Forgiveness is both a personal and corporate act

Jesus rarely gave methodological instruction (ie. a step-by-step process) in his moral teaching, as opposed to general principles, however in the area of forgiveness he seems very precise, as we saw last time with his instructions on seeking forgiveness from another (Matthew 5:21-26), and later in his instructions about offering forgiveness:

“If your brother or sister sins against you, go and point out their fault, just between the two of you. If they listen to you, you have won them over. But if they will not listen, take one or two others along, so that ‘every matter may be established by the testimony of two or three witnesses. ’ If they still refuse to listen, tell it to the church; and if they refuse to listen even to the church, treat them as you would a pagan or a tax collector.

“Truly I tell you, whatever you bind on earth will be bound in heaven, and whatever you loose on earth will be loosed in heaven.

“Again, truly I tell you that if two of you on earth agree about anything they ask for, it will be done for them by my Father in heaven. For where two or three gather in my name, there am I with them.” (Matthew 18:15-20)

The matter of unforgiveness may start on a personal level, but it has implications for the community of the church. Two people who are in Christ are united to one another and to all the member of the church, and so a division between individuals really constitutes a division in the body. Sadly, personal disputes, especially among leaders, have been the catalyst for church splits and even dissolution; but this is a situation not of differences in theology, methodology or opinion, but of action that can be clearly identified as sin.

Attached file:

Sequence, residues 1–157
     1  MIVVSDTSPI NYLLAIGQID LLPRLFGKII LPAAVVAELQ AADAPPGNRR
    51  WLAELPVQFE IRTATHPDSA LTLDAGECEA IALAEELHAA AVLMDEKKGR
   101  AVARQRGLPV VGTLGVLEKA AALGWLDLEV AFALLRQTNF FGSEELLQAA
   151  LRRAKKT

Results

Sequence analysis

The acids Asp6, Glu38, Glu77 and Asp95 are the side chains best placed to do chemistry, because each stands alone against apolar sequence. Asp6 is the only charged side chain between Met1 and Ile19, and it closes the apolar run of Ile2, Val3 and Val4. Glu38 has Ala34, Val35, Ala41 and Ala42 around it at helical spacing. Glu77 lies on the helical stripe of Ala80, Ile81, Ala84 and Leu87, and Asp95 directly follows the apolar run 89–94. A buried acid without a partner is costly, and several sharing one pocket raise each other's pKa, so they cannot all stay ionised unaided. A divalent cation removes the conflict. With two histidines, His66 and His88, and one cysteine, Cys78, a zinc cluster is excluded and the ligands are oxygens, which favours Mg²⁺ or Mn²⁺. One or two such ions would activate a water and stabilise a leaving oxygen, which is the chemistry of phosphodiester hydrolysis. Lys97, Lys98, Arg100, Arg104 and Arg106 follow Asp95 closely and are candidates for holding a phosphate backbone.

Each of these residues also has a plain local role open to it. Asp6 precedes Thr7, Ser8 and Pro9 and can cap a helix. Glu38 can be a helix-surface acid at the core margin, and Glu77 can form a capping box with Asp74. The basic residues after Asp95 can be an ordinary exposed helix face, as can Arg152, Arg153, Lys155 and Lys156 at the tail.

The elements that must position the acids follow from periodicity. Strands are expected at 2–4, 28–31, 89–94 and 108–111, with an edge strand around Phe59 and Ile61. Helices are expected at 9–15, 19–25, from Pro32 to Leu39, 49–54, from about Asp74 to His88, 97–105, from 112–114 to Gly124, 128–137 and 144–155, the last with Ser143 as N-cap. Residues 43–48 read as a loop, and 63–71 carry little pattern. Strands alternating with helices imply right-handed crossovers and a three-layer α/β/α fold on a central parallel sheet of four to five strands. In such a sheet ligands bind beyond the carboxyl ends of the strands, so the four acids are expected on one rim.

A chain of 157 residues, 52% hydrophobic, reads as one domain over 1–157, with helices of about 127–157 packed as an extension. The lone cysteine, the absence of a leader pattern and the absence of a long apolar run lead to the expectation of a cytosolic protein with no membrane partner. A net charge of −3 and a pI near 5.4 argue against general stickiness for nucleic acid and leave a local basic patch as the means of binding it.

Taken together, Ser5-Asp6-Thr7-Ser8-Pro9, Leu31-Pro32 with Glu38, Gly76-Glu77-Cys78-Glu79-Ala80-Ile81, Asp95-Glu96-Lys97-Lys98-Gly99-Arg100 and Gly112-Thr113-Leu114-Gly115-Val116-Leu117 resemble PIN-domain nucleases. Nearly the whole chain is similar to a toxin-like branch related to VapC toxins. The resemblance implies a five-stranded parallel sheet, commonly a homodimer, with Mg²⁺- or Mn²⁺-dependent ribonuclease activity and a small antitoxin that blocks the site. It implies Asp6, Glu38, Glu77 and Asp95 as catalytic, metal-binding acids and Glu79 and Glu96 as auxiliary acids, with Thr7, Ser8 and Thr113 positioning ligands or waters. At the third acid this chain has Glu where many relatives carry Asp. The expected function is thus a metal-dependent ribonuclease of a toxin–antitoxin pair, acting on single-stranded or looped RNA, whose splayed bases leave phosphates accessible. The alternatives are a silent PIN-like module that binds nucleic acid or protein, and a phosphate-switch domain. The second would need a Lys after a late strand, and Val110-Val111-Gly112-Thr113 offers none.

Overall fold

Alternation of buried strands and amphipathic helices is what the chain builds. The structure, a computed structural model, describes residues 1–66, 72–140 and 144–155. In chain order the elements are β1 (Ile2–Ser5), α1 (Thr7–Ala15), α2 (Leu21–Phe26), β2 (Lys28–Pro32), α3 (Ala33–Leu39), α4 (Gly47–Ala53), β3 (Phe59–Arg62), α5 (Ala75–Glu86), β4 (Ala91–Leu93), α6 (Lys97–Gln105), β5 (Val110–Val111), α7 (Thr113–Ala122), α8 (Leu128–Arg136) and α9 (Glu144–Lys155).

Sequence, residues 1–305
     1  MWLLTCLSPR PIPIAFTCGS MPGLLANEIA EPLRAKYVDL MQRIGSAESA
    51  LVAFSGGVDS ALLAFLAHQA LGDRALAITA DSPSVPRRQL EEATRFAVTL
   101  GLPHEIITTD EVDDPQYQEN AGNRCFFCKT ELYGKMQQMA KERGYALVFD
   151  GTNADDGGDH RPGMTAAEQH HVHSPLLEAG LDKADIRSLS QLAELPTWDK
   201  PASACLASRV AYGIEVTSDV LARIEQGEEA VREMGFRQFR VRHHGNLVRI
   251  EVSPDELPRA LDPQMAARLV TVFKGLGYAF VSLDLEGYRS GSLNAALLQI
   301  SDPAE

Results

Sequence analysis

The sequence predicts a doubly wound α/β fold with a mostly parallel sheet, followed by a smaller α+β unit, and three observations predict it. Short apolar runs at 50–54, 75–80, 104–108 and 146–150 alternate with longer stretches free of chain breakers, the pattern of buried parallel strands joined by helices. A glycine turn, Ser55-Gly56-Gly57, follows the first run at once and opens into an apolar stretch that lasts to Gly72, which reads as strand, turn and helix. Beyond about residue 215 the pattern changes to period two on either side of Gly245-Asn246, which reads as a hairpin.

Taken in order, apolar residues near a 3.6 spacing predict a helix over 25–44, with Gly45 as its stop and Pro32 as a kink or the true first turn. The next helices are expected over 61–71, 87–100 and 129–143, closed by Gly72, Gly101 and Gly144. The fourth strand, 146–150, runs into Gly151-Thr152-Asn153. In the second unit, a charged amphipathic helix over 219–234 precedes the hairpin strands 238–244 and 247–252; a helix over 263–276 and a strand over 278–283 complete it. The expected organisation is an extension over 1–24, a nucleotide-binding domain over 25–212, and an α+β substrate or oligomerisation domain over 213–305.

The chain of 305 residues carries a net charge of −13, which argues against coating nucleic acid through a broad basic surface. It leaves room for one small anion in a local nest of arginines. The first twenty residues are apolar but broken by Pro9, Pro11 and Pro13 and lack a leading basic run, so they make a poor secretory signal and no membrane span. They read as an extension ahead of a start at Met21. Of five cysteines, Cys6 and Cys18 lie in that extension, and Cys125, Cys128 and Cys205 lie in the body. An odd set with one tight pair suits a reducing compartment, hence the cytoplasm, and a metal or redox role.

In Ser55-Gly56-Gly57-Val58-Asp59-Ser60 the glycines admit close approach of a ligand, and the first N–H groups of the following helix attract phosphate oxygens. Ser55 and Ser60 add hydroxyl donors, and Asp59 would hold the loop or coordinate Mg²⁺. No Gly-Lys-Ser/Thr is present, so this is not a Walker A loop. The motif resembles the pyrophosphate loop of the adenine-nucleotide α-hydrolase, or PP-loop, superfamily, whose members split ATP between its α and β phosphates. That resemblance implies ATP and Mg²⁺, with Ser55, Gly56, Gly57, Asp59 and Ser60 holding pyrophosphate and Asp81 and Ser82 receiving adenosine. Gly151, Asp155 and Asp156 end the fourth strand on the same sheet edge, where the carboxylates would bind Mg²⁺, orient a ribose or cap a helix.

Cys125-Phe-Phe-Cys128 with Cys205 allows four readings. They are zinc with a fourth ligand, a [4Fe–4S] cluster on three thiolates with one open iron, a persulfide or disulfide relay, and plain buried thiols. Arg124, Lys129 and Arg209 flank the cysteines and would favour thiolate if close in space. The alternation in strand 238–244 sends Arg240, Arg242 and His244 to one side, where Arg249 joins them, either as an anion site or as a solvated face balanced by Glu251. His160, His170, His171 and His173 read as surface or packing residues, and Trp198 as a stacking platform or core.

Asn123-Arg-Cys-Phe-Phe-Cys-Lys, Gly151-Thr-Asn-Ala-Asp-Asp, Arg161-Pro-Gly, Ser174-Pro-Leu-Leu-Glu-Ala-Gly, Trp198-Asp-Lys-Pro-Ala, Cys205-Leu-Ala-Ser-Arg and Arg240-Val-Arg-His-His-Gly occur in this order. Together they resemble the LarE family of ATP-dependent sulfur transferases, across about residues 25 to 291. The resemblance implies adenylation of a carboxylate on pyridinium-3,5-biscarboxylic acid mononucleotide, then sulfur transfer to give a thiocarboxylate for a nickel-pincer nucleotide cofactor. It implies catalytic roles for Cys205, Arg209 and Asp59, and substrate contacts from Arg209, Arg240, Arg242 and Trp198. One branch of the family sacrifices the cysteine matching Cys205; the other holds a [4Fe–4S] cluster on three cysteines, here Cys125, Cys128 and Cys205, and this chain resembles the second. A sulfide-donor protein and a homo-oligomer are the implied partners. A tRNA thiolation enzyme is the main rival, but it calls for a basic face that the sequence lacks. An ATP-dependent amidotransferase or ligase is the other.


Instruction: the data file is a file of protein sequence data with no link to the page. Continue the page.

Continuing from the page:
Verse 15

The aim of speaking privately between the two is not about justice, but reconciliation. The NIV, maybe to avoid gender specific language, misses this personal dimension; the text literally says, ‘…you have gained your brother.’ It is not about winning the argument, or proving who was in the wrong, but winning the relationship. By seeking to deal with the matter privately, I avoid bearing false witness against my neighbour (The 9th commandment, Exodus 20:16) Forgiveness here is not merely settling or neutralising a matter and agreeing to not let it bother us again. It must result in a transformation of the relationship from hostility to love.

Verse 16

Jesus invokes the Law (Deuteronomy 19:15), as he frequently does, which doesn’t just give a justification for getting others involved in an unresolved issue, but an assurance that God is present in all His authority when His Word is honoured in this way, which is why he assures us in verse 20, ‘For where two or three are gathered in my name, there I am among them.’ (A promise that really has very little to do with poorly attended church prayer meetings!)

This step does not necessarily mean that my case will be ‘proven in my favour’. The witnesses may show my brother or sister their sin more clearly, or their perspective may help me see things differently, and in that sense the ‘witnesses’ may also be ‘mediators’.

Verse 17

As we saw above, unresolved division between individuals affects the church whether we like (or notice) it or not. This is not a name-and-shame exercise; in fact the language implies (‘tell it to,’ not ‘bring him before’) that the offender may not be present. It is an open explanation of a rift that has happened, and which may have caused ripples of unease among the community. It is also a confession of my own weakness; because I have been unable to effect reconciliation with my brother or sister, I now need the help of the community – my family – to work out that reconciliation on my behalf.